Hi Worried Mom,
PTT is not always representative of vWD, however sometimes Dr. Look at the obvious tests first for bleeding and clotting disorders (PTT, PPT, TAG, etc.)
The vWD tests can take anywhere from 10 days to 5 weeks to get back in my experience.
My daughter and I both have vWD. IF she has vWD, please know that it doesn’t always mean symptoms are severe so try not to be scared. Typically it would be more dangerous If you don’t discover the possibility of a bleeding disorder and go into a major surgery. I’m glad they’re looking at this before her tonsillectomy. I had mine in my teens before I was diagnosed and bled for 21 days…which pretty much stunk.
A diagnosis of vWD is often very manageable. There are common medicines which have been around for a long, long time and are very effective, and there are medications which are newer and people have good responses with as well. Some major changes with vWD is just giving a little pause before doing anything major medical (dental work, surgeries, major invasive stuff) and taking a few extra precautions with injuries (broken bones, car accidents, head trauma, bumps and bruises have to be looked at, and treated differently). Menses can be a little different for young women with bleeding disorders. For us, it started earlier and lasts very long (normal, non-bleeding women typically have periods for 3-7 days) sometimes ours are as long as 3 weeks. If vWD is the diagnosis, your Dr. will test your daughter’s responses to various medications to see which works best for her in the instance of a bleed or injury.
If there is an HTC (Hemophilia Treatment Center) nearby, you may want to consider going there for clinic as it will likely provide the most comprehensive care.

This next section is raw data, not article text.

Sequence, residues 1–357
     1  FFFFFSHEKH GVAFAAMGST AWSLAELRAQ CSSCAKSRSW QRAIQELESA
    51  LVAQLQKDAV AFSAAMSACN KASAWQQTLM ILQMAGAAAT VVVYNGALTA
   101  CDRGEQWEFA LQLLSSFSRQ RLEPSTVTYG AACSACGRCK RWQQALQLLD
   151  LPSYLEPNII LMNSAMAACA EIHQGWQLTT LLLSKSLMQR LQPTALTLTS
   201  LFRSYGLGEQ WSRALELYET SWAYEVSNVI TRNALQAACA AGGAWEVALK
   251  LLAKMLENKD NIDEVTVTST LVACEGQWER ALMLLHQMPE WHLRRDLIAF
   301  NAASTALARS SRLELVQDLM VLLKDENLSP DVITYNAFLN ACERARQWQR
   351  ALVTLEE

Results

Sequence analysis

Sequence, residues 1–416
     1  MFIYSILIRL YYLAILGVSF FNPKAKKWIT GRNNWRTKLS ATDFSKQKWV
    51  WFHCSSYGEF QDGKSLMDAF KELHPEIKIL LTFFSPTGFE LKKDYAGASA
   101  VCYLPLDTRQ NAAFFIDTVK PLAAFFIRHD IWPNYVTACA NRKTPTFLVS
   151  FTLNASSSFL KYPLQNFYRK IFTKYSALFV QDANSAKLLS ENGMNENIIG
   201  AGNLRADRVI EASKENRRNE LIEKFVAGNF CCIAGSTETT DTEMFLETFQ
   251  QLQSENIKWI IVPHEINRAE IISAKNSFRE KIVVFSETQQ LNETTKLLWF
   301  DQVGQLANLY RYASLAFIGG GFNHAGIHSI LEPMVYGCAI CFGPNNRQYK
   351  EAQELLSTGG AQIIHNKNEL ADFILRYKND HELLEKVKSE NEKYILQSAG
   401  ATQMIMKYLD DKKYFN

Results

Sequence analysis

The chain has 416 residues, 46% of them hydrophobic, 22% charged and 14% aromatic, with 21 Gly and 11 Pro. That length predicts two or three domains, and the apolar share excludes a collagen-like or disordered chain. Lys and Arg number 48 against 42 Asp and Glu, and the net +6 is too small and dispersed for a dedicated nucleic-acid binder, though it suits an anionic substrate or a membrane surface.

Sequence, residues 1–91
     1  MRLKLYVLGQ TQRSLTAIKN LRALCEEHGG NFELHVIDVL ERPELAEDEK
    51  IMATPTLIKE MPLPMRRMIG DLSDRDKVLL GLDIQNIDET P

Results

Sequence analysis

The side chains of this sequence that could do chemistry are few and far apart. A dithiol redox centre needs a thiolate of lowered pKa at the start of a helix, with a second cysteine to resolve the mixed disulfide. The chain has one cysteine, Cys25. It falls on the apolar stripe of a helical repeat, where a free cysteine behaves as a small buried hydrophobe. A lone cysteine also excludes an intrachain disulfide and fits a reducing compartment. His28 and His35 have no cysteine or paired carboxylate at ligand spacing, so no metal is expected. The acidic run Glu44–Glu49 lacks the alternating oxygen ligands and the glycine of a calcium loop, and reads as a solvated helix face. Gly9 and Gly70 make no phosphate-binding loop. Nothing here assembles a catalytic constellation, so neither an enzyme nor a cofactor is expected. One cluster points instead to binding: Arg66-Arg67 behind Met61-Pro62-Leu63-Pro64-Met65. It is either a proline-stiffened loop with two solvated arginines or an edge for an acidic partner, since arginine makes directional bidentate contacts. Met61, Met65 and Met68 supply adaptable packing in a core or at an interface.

Last: depending on severity of th vWD, your Dr may or may not put restrictions on your child’s sport. We personally dealt with a higher severity of vWD and chose sports with less contact, although this doesn’t avoid all injury. We chose soccer (as a forward not a goalie or defender because we felt that would be more contact). We chose softball (as a second baseman versus catcher or pitcher where more injury could possibly occur), we avoided sports like Hockey and Football because of the contact level. These are all things to discus with your Dr. If a diagnosis occurs.
The one thing I can give you to is this: it’s gonna be ok! The fact that you’re finding out BEFORE any major issues means that you have the ability to be an involved, proactive part of your daughter’s treatment plan. Please consider getting involved with your bleeding disorder chapter and they can provide you with support groups and guidance! The more involved, the more educated, the better off your child will be!
Last: if your child receives a diagnosis of vWD, both parents may need to be tested. vWD is an inherited bleeding disorder and one of the parents is the carrier…so if it were me, I would want to be informed incase anything major needs to be considered or treated as an adult.
Please take care, it’s gonna be alright.